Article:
WHY EMPEROR Maxentius chose to meet Constantine in open battle, rather than endure a siege in Rome, is a question best relegated to histories prodigious book of blunders. Rome was undoubtedly stockpiled for such an event. Evidence points to the fact that both Valerius Severus and Galerius, challengers to the Augustan throne, were successively repelled and defeated at her very gates. By 311 AD, only one more contender remained. That would be Constantine. Maxentius soon pressed his eyes upon his last and greatest threat—and declared war on him.
It was the evening prior to their meeting at the battle of the Milvian Bridge when Constantine, clearly outnumbered by Rome’s defenders, had a vision. The son of Emperor Constantius I looked upon the divine sun as it dipped into the west and beheld a flaming cross above it, with the Greek words Εν Τούτῳ Νίκα, which when translated reads: “Through this sign [you shall] conquer.” The historian Eusebius, a Constantine apologist, would write only several years after the Emperor’s death: “He saw with his own eyes the trophy of a cross of light in the heavens, above the sun, and bearing the inscription, CONQUER BY THIS. At this sight he himself was struck with amazement, and his whole army also, which followed him on this expedition, and witnessed the miracle.” Constantine’s initial confusion would be laid to rest later that night, when a man whom Constantine later—much later—claimed was the Christian Christ appeared to him in a dream and explained that he should use the cross against his enemies.
If Maxentius received any such vision, we will never know, because on the following day, the 28th of October, 312 AD, Rome’s defenders were hewn into confusion. While beginning their retreat over the Tiber River, a pontoon bridge collapsed. Many of his soldiers drowned in the escape. Others were trampled to death.
Constantine rode into Rome with the head of Maxentius.
The fledgling conqueror, twenty-four year young, was hailed Emperor and, writes historian Frank E. Smitha, “a man favored and guided by the gods.”
Though it is true that Constantine would ban the subjugation of Christian worshipers the following year with the Edict of Milan, in 313 to be exact, his stunning proclamation a decade later would, unknowingly for most today, askew the history of the world into a doctrine of lawlessness. On the 7th of March, 321 AD, Constantine decreed “the day of the sun” as Christendom’s official day of rest. In doing so, Constantine changed the true Biblical Sabbath to the first day of the creation week.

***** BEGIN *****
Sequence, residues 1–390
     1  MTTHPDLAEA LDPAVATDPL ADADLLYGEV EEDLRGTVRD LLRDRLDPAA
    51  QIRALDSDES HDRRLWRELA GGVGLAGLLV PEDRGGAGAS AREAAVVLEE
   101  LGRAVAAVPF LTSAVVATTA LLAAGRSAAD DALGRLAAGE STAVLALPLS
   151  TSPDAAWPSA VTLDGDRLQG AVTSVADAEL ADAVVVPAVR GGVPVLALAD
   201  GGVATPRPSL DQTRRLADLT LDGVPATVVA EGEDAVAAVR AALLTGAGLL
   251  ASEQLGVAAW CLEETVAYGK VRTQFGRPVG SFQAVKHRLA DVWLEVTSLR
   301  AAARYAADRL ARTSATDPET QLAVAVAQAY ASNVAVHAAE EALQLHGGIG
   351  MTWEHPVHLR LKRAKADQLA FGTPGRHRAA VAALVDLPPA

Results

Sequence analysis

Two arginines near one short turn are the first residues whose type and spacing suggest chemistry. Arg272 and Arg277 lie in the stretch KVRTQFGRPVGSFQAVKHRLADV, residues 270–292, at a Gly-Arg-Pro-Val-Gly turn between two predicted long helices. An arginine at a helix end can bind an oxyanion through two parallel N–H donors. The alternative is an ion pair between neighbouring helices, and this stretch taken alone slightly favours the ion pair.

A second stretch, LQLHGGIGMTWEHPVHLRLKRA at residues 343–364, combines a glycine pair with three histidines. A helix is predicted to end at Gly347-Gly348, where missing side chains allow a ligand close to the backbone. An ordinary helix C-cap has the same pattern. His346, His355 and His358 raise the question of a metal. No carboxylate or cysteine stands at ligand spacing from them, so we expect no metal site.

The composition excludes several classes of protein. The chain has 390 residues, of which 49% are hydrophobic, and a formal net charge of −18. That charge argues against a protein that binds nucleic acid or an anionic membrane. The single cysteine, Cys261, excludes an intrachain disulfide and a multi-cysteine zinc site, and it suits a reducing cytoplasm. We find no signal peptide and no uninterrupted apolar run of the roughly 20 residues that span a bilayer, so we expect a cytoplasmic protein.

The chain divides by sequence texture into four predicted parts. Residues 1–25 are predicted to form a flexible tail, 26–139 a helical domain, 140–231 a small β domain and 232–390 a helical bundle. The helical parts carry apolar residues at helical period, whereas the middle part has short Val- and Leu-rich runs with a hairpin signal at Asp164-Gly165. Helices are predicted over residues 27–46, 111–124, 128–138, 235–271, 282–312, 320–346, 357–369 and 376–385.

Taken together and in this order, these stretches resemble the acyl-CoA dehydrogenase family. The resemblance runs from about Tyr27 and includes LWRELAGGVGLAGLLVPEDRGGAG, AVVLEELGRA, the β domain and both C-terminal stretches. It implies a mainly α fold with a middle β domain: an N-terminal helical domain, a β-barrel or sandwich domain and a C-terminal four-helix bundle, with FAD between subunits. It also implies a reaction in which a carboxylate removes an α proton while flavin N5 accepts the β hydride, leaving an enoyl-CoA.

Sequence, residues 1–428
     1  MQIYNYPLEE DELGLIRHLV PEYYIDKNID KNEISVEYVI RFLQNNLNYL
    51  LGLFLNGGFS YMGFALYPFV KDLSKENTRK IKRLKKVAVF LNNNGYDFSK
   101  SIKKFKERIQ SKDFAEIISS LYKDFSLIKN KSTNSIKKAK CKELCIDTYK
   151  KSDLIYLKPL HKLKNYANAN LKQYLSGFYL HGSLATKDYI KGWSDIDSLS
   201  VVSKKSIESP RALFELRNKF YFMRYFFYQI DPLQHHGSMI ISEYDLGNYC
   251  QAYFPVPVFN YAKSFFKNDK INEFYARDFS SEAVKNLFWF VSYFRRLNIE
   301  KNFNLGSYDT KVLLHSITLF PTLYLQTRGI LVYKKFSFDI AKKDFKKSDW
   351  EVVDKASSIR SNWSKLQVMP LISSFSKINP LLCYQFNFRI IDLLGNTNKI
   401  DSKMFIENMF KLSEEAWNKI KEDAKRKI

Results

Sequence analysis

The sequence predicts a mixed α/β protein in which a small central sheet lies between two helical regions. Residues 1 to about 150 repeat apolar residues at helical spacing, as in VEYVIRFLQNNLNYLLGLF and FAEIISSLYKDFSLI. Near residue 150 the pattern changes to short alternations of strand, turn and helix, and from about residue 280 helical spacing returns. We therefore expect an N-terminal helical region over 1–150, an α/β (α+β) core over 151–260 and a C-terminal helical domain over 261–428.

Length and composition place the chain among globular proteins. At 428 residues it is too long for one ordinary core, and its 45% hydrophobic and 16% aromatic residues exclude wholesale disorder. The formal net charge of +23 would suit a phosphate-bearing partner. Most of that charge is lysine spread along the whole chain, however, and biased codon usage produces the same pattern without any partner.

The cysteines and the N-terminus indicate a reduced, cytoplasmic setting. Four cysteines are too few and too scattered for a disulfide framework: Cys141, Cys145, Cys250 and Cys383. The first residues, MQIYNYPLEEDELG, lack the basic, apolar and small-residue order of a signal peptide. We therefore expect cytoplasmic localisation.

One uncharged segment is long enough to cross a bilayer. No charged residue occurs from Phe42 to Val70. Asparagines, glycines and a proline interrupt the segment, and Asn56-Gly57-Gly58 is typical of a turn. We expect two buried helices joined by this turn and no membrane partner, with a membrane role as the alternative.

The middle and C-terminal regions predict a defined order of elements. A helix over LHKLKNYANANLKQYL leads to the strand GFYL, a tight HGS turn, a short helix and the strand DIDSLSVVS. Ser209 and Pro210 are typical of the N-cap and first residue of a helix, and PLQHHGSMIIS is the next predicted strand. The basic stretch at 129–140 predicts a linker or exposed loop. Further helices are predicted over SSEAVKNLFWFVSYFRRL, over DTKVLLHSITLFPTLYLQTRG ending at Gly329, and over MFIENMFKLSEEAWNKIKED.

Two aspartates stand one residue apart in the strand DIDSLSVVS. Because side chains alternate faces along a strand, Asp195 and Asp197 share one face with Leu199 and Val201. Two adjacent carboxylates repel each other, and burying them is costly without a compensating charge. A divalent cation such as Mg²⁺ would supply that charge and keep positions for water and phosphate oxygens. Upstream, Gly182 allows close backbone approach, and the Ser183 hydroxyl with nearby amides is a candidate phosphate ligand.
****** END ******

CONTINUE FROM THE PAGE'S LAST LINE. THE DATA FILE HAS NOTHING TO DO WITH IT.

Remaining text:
The king had no authority to do so.
To this day, Constantine’s adoption of the Christian faith is a veiled conundrum, saluting our better senses with only so much of the fleshly sheath and servile odor which a career politician is capable of exhuming. Despite a thirty-five year reign, he would not declare himself Christian until a relatively advanced age—why? The man whom the Eastern Church canonized into the coveted chair of sainthood only agreed to a deathbed baptism in 337, and by an Arian Bishop, Eusebius of Nicomedia, no less—which is strange, when one considers the Arian dispute, and ultimate drubbing, by Saint Nicholas and the Trinitarians at the Council of Nicaea in 325. Actually, come to think of it, Constantine was an unapologetic initiate of Mithras and never disowned that fact. Despite Eusebius hailing his Emperor the “new Moses,” furthermore materializing and shellacking church propaganda with his apparent Mithraic-inspired vision, Constantine minted coins depicting Mithras on one side and Christian symbols on the opposite.
And understand this. Sunday already held a special place in the hearts and minds of the pagan world. For the Mithrian cult of Constantine and his soldiers, Sunday was a most sacred day. It was called “The Venerable Day of the Sun.” The first day of the week belonged to Sol Invictus, to Mithras and to Apollo. It was a day of celebration and thanks—a day when wages were traditionally paid to workers—a day of rest. Essentially, it was a day relegated to the worship of the Beast—namely, Satan himself. And in the most irreverent fashion, Constantine decided it would be Yahweh’s day too.
The king did as it pleased him.